Parks Associates reports consumer comfort with personalised advertisements is increasing, with 45 per cent of US broadband households comfortable seeing ads based on their TV-viewing habits and product/service preferences.
The firm’s new report – Advertising Strategies on Connected TVs – recommends advertisers start to expand their personalised ad campaigns to include new companion devices such as the iPad.
“Second-screen synergies are important to connected-TV developments as these extensions enhance interactivity and draw consumers closer to the brand,” said Heather Way, Research Analyst, Parks Associates. “Tablets and smartphones are changing the TV-viewing experience while also becoming natural extensions to shopping-and-buying behaviours. Already one in four Millennials regularly uses a mobile phone to research products or services prior to purchase, and there are multiple apps for Android and other smartphones consumers used during Black Friday to find the best deals, even getting mobile-only offers while waiting in line.”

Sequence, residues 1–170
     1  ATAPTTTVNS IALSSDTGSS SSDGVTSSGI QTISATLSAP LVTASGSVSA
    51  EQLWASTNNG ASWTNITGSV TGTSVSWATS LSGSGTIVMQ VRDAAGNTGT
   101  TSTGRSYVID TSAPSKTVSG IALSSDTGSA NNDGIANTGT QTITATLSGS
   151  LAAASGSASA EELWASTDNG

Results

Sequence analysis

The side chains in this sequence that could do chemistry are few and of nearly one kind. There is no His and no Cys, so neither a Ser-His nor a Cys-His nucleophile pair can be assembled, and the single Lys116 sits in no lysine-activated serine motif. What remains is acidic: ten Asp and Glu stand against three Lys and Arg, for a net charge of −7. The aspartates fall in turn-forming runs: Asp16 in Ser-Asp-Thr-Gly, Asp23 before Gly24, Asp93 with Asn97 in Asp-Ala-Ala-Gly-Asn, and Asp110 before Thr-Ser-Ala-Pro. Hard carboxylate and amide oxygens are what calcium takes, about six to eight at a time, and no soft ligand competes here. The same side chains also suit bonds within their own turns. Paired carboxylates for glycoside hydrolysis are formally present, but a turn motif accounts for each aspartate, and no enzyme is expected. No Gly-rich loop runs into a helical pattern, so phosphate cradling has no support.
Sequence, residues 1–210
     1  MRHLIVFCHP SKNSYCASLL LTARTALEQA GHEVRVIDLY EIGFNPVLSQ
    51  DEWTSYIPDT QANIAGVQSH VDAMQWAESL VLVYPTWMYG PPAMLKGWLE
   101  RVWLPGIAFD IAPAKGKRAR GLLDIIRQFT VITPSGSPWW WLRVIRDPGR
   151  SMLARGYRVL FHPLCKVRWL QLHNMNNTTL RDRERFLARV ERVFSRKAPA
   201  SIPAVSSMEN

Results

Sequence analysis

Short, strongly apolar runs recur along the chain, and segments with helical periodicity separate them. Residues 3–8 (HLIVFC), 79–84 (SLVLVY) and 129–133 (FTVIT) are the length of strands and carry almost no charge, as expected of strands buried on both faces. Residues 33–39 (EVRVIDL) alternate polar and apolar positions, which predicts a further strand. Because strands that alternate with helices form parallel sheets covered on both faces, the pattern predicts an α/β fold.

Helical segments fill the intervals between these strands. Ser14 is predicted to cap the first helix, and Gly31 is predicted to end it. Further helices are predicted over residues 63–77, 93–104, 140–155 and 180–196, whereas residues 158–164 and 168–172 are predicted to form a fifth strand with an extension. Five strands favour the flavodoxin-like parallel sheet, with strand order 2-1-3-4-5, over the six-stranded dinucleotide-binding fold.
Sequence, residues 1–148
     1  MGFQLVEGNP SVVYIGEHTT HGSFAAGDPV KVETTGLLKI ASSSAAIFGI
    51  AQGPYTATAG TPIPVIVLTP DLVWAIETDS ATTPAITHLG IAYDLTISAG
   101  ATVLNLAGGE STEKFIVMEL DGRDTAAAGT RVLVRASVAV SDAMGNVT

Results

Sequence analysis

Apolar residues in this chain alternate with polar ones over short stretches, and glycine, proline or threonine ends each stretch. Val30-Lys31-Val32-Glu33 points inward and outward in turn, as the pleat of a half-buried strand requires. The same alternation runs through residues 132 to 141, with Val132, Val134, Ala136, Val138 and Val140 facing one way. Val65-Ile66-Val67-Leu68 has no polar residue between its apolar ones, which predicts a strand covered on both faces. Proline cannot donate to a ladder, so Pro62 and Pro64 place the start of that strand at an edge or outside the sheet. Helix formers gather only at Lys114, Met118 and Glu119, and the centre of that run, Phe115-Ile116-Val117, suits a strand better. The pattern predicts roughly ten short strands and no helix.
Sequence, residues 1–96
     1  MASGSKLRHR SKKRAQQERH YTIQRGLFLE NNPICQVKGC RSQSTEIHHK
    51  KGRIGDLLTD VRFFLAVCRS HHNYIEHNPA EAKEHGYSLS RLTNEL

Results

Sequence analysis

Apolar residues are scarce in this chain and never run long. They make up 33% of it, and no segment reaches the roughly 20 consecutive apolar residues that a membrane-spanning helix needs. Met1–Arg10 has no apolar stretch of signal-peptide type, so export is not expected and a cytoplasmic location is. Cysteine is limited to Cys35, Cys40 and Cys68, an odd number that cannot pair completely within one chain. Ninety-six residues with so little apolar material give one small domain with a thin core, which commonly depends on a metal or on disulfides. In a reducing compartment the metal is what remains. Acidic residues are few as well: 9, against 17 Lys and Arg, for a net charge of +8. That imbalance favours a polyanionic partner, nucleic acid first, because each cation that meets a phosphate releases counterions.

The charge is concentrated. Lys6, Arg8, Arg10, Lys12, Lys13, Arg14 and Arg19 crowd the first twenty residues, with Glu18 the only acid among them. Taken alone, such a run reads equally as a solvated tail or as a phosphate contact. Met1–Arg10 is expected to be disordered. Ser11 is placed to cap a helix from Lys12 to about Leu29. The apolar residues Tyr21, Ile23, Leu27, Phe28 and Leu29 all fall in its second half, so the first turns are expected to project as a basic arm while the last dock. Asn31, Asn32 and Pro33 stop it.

Almost one-third of US tablets owners are searching for show-related information while watching TV. Nearly 50 per cent of smartphone owners rely on apps for daily information and entertainment purposes, and 55 per cent of US broadband households want the ability to scan product barcodes for price and promotional information on their next mobile phones.
Companies must account for these rapid changes in shopping and TV-viewing habits. Among the early ventures in this market, Honda, Starbucks, Paramount Pictures, Procter & Gamble, Progressive Insurance, and NBCUniversal are all experimenting with the Shazam TV app, which allows viewers to identify a TV programme or advertisement through “audio fingerprint” technology. Invidi has developed a TV-tagging system, dubbed SnapPing, which lets viewers identify content and ads using an iPhone, iPad, or Android-powered smartphone. Second Screen Networks recently ran a cross-platform ad campaign with USA Network and Ford, with results showing 23 per cent of users interacted with the second-screen ad.